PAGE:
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Social Media Use Does NOT Lead To Depression, Study Finds

Social Media Use Does NOT Lead To Depression, Study Finds post image

Social media use does not predict later depression, research finds.

Using social media does not predict the onset of depression, concludes new research.

The conclusion contradicts previous studies claiming that social media use causes depression.

The latest study, unlike previous investigations, followed people for up to six years to see which came first, social media use or depression.

The results showed that heavier social media users did not become more depressed later on.

However, one group of young people (adolescent girls) who were already depressed did end up using social media more.

This suggests social media use does not cause depression, but could be a way of dealing with it (whether successful or not).

Ms Taylor Heffer, the study’s first author, said:

“This finding contrasts with the idea that people who use a lot of social media become more depressed over time.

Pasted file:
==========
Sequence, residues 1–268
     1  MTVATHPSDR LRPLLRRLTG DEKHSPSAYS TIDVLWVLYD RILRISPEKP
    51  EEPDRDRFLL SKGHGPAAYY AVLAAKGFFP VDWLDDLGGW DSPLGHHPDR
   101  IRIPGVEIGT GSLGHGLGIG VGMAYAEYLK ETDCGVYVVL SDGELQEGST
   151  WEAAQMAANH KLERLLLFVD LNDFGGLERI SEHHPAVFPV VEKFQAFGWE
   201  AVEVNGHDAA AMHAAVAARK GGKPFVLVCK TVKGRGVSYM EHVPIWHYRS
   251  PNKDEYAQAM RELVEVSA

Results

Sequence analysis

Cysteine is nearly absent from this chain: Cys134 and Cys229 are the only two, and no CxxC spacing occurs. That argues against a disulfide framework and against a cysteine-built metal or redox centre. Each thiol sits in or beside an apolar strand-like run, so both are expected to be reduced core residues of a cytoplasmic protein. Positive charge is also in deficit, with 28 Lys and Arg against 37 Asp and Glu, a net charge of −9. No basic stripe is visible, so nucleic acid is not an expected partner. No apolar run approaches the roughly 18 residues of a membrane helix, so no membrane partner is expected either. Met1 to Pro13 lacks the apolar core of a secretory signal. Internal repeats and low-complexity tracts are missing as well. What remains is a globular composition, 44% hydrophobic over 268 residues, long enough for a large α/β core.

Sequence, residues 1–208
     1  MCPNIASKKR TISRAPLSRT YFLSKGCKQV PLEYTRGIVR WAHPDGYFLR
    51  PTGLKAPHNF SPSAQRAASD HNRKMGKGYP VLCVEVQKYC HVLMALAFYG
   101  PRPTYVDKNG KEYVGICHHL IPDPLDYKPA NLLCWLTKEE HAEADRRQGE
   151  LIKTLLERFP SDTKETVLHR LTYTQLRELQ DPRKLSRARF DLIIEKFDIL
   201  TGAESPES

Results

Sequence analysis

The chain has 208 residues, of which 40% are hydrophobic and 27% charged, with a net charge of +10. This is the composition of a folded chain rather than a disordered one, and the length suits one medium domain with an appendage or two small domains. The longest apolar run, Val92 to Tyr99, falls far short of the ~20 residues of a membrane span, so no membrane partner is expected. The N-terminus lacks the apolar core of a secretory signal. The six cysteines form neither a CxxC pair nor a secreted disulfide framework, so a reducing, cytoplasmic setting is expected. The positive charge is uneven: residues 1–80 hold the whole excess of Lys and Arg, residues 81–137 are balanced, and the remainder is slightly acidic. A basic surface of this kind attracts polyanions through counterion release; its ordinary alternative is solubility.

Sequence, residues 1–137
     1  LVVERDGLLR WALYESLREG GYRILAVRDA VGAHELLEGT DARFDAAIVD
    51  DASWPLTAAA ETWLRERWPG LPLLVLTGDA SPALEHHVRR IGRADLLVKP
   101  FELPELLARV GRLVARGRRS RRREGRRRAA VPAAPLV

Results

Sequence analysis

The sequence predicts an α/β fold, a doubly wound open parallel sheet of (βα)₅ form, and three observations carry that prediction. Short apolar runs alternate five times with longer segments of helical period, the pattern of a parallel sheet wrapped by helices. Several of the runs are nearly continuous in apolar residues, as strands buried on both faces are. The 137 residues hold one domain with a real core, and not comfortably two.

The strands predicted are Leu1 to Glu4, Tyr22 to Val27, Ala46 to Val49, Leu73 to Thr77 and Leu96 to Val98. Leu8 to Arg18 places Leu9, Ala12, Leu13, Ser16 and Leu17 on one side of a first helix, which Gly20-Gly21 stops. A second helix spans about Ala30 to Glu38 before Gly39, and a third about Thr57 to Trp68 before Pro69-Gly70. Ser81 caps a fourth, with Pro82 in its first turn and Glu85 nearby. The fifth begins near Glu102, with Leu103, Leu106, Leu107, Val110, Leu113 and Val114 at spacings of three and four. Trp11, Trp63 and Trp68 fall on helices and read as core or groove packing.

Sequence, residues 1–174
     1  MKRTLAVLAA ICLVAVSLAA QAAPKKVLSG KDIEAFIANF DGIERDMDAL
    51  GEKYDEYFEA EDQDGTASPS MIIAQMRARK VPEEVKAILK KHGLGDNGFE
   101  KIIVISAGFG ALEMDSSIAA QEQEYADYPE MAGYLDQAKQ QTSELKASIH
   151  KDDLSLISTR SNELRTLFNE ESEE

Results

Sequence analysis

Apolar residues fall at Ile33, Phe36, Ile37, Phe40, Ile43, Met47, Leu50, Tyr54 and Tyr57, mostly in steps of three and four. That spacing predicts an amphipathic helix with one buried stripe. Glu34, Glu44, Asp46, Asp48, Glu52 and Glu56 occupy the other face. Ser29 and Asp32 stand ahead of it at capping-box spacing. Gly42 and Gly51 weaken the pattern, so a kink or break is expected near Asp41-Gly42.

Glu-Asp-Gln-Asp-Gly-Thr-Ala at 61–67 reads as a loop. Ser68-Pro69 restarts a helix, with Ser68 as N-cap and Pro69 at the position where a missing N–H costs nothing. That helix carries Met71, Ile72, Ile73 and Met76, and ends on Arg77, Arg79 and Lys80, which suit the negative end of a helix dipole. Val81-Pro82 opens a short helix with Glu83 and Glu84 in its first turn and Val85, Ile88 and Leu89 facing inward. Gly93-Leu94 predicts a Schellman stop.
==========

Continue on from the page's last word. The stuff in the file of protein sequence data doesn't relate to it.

Instead, adolescent girls who are feeling down may turn to social media to try and make themselves feel better.”

The study followed 594 Canadian children from the 6th, 7th and 8th grades for two years, as well as 1,132 undergraduate students for six years.

Ms Heffer explained the reasoning behind this strategy:

“You have to follow the same people over time in order to draw the conclusion that social media use predicts greater depressive symptoms.

By using two large longitudinal samples, we were able to empirically test that assumption.”

The results showed that social media use did not predict later depression.

However, specifically among adolescent girls, being depressed predicted increasing use of social media.

Ms Heffer said:

“There may be different groups of people who use social media for different reasons.

For example, there may be a group of people who use social media to make social comparisons or turn to it when they are feeling down, while another group of people may use it for more positive reasons, such as keeping in contact with friends.”

The study was published in the journal Clinical Psychological Science (Heffer et al., 2019).